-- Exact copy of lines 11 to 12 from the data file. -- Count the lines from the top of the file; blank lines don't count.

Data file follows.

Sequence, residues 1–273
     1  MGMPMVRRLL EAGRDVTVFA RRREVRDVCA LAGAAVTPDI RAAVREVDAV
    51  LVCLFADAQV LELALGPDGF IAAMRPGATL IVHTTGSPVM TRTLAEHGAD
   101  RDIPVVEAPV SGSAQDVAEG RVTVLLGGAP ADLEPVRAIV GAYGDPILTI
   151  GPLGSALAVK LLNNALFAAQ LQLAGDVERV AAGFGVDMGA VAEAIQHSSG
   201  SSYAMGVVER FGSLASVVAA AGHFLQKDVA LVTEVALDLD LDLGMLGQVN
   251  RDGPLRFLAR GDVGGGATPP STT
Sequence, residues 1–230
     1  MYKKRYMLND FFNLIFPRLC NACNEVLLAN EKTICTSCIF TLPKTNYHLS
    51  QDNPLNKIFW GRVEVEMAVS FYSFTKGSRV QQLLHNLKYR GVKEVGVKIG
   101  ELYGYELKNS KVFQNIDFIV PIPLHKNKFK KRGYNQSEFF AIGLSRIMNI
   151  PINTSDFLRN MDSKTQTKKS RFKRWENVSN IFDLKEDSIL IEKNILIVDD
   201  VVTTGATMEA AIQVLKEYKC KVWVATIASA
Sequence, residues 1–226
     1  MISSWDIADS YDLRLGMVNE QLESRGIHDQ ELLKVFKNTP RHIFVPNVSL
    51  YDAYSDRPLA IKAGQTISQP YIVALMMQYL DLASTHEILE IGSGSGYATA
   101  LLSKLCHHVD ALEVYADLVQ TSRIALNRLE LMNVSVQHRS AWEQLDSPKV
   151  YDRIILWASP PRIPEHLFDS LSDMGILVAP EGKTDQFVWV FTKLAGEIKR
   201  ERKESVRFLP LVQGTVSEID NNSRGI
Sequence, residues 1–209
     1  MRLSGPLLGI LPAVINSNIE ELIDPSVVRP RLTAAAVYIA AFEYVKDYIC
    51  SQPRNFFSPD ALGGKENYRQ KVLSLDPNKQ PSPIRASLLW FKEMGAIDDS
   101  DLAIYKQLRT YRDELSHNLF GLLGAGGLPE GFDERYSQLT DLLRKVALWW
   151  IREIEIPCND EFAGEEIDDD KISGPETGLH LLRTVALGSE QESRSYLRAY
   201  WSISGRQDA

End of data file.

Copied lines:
   101  ELYGYELKNS KVFQNIDFIV PIPLHKNKFK KRGYNQSEFF AIGLSRIMNI
   151  PINTSDFLRN MDSKTQTKKS RFKRWENVSN IFDLKEDSIL IEKNILIVDD